That work however had an effect on us. As he describes when he unveils his very large painting, Carrey also uses art for its cathartic effects, to keep sane. “Painting is one of the ways I free myself from concern, a way to stop the world through total mental, spiritual and physical involvement.”

The next part reminds us of the late actor Robin Williams whose comic genius was great because of his great humanity.

My choosing to free people from concern got me to the top of a mountain. Look where I am — look what I get to do! Everywhere I go – and I’m going to get emotional because when I tap into this, it really is extraordinary to me — I did something that makes people present their best selves to me wherever I go. I am at the top of the mountain and the only one I hadn’t freed was myself and that’s when my search for identity deepened. I wondered who I’d be without my fame.

Who would I be if I said things that people didn’t want to hear, or if I defied their expectations of me?

Ultimately we need to understand that “we’re not the avatars we create.” That includes the dreams of fame and material wealth, which are not ends but mere means. We are all actors in our lives, and when we realize that, we are empowered not to identify with the trappings. Because they become shields.

You can join the game, fight the wars, play with form all you want, but to find real peace, you have to let the armor fall. Your need for acceptance can make you invisible in this world. Don’t let anything stand in the way of the light that shines through this form. Risk being seen in all of your glory.

Carrey describes living in the moment as a reset button to stay clear of the extreme competitiveness of constantly comparing ourselves to others.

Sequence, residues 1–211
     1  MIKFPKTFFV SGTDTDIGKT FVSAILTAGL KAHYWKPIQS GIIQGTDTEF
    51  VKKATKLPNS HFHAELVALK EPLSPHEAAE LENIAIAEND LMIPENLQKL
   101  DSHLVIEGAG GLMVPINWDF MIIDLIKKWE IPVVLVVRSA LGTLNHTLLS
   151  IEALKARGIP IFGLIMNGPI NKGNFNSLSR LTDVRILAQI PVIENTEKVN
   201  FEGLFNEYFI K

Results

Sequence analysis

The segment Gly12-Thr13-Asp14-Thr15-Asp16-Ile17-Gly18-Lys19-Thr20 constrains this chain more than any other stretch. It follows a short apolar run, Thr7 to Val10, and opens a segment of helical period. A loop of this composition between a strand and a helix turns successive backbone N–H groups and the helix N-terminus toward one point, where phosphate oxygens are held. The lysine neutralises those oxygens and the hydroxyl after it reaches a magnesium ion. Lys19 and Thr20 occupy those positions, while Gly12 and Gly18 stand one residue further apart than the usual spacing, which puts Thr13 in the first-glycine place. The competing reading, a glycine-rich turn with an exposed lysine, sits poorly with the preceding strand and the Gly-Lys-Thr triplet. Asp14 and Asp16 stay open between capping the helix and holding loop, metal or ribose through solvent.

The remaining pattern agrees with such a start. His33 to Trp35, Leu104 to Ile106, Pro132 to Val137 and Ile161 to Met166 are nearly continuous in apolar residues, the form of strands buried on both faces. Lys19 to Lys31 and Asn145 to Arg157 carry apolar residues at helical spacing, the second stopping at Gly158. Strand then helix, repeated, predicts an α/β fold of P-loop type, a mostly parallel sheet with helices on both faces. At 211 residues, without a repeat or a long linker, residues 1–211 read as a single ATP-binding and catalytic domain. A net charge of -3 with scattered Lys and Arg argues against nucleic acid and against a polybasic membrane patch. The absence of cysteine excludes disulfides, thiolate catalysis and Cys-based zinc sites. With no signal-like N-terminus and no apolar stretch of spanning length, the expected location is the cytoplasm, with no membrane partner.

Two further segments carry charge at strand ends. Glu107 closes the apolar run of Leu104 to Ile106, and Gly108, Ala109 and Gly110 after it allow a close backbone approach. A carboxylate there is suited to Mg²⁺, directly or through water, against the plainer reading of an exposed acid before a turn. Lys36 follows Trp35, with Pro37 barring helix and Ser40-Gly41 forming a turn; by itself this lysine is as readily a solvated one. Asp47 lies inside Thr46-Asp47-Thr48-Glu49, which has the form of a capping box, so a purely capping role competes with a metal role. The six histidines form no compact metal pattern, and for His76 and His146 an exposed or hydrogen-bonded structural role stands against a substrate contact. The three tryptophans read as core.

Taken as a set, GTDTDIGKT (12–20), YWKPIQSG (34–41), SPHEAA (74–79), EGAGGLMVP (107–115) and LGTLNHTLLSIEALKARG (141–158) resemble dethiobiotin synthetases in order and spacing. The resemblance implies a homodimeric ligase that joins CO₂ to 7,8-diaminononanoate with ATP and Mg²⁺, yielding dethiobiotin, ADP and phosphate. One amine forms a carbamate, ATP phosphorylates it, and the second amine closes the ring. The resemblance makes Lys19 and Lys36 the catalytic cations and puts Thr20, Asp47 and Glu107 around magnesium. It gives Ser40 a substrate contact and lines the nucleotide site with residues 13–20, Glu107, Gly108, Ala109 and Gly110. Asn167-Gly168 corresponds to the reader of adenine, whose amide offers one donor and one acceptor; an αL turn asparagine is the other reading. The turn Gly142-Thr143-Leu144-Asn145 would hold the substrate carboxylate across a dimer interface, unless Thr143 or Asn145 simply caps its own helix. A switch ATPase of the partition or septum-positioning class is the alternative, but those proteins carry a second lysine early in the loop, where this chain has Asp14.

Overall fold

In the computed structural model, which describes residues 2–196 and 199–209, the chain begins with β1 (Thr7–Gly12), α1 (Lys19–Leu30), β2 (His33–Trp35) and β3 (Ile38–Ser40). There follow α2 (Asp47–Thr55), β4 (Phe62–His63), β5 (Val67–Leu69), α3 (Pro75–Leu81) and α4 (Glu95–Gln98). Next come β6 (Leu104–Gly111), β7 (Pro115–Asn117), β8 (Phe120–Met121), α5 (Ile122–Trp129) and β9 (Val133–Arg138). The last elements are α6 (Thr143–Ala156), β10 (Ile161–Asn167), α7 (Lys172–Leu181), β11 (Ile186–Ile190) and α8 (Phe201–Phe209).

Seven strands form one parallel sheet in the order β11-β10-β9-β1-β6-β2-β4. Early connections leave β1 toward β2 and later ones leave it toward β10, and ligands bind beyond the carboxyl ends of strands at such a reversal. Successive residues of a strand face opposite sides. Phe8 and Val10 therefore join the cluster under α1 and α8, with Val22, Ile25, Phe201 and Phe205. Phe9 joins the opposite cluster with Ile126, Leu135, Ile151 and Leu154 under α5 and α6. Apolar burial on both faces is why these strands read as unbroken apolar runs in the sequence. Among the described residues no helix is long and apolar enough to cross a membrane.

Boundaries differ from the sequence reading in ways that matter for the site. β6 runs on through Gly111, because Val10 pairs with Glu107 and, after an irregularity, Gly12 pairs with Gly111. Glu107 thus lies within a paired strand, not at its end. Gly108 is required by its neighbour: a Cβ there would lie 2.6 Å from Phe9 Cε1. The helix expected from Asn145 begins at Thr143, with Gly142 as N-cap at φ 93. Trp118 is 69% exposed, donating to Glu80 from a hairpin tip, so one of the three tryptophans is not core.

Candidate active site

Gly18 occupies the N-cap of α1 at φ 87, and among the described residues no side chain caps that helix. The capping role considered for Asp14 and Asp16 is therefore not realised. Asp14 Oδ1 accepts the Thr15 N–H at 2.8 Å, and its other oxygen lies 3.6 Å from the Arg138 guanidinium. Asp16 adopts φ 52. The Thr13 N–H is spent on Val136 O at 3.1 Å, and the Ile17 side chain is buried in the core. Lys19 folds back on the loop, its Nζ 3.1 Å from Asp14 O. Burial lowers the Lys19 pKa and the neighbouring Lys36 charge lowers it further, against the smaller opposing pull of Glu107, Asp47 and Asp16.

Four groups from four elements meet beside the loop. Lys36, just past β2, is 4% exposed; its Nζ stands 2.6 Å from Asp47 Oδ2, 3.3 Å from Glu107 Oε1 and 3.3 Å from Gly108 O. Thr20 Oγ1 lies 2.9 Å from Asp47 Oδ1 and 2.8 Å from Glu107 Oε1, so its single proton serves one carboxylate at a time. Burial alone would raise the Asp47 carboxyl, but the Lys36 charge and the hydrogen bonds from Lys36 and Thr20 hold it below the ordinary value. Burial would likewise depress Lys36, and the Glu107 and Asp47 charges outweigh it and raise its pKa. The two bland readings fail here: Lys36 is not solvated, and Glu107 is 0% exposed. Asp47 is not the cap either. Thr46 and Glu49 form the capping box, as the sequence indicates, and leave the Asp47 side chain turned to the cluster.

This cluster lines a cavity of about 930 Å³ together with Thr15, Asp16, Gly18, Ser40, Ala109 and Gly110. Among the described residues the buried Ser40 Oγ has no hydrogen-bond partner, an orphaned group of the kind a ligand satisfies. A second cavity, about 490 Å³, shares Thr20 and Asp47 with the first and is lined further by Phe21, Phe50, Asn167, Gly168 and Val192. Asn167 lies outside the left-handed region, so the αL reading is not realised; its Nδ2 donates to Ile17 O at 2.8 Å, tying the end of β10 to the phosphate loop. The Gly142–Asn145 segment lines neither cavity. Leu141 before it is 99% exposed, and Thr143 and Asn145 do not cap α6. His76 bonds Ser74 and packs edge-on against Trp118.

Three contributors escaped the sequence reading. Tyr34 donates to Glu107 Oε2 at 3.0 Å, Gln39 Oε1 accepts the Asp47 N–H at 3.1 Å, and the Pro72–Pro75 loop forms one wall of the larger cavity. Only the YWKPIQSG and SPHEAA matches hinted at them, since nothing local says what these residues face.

Our eyes are not only viewers, but also projectors that are running a second story over the picture we see in front of us all the time. Fear is writing that script and the working title is, ‘I’ll never be enough.’


This is the voice of your ego. If you listen to it, there will always be someone who seems to be doing better than you. No matter what you gain, ego will not let you rest.

He concludes a humorous and profound talk on a high note about opportunity. We can choose love, or we can choose fear:

Your job is not to figure out how it’s going to happen for you, but to open the door in your head and when the doors open in real life, just walk through it.

Companies love their way when they give in to fear and operate in hope.

“Hope is a beggar,” says Carrey. This is an aphorism, a challenging statement that should prompt for a response. Like “Buy in hope. Trust in fear.” it requires mental preparation to unlock its meaning. We can acquire that preparation to respond rather than react to life by letting the armor of our protective story go and embracing a larger narrative.

To expand opportunity, organizations need to move beyond protecting value into forming strategy, communicating vision, and building the larger narrative that translates power into purpose where culture thrives. 

Watch the full video of the talk below.